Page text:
Slow reading has long been viewed as a teaching technique that engages students more deeply with course readings. Little systematic research, however, has been done to understand how this pedagogical strategy works in college classrooms. This study investigated how slow reading techniques promoted deep learning among undergraduate college students across two disciplines. Utilizing two food essays as the basis for a reading assignment, students in two courses participated in an intentionally scaffolded and paced slow reading exercise designed to encourage deeper personal engagement with course concepts. Theoretical implications from the research demonstrate connections between slow reading techniques and the existing literature on both significant and deep learning. More practically, this study found that slow reading techniques fostered personal storytelling as a means of developing deeper connections to assigned texts, presenting an opportunity for instructors hoping to facilitate the meaningful integration of course concepts into students’ lives.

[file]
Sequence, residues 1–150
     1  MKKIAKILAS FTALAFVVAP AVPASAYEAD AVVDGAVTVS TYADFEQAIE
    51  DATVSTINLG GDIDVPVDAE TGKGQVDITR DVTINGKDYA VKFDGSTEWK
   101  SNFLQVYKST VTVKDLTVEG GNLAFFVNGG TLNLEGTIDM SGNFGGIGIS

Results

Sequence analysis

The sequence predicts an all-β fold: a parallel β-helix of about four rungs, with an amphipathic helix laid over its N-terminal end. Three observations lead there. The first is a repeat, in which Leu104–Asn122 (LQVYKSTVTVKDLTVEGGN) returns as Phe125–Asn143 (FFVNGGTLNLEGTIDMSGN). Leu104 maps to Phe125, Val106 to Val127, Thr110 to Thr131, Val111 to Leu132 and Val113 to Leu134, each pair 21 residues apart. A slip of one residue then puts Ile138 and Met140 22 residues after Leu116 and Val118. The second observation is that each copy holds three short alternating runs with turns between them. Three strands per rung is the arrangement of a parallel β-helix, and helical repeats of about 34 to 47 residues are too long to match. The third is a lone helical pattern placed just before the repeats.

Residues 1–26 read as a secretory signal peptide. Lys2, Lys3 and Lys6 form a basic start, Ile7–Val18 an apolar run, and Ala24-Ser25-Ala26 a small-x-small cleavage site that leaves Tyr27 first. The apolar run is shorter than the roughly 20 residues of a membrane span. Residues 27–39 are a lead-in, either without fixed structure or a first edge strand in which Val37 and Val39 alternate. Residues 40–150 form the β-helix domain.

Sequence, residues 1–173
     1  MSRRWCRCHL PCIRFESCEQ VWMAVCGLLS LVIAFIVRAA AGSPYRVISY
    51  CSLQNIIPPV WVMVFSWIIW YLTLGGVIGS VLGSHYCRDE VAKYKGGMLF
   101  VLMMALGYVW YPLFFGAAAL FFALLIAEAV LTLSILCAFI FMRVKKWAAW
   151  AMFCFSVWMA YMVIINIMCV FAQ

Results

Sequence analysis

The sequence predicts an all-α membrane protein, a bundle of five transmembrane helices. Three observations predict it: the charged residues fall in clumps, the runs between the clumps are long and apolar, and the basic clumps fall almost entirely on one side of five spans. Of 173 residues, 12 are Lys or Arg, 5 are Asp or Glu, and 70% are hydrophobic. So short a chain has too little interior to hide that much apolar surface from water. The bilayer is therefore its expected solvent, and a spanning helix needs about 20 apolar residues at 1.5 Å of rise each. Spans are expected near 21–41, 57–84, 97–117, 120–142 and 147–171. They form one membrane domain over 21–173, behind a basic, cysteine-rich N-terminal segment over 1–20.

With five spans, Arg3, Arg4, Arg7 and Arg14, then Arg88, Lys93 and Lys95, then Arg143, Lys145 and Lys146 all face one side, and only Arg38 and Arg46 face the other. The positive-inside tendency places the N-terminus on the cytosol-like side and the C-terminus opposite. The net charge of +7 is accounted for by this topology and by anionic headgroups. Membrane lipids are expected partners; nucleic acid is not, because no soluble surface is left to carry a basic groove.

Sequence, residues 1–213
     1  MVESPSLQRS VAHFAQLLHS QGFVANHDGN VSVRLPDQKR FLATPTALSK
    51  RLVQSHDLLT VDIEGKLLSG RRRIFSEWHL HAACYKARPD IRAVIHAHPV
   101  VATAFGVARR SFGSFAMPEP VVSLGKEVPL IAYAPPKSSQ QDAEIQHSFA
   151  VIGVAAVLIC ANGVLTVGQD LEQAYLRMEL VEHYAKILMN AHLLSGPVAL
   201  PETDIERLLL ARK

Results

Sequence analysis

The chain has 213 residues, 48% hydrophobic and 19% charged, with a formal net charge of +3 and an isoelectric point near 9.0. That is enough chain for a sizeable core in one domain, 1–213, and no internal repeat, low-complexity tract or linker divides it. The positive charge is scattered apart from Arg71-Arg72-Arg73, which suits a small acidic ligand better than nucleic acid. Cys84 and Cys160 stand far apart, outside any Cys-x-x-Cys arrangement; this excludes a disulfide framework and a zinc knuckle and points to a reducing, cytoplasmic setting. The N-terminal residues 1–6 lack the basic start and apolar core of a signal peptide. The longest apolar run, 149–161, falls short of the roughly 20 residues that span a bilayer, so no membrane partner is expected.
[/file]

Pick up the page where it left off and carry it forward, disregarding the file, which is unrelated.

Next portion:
Creative Commons License

Creative Commons Attribution-Noncommercial-No Derivative Works 4.0 License
This work is licensed under a Creative Commons Attribution-Noncommercial-No Derivative Works 4.0 License.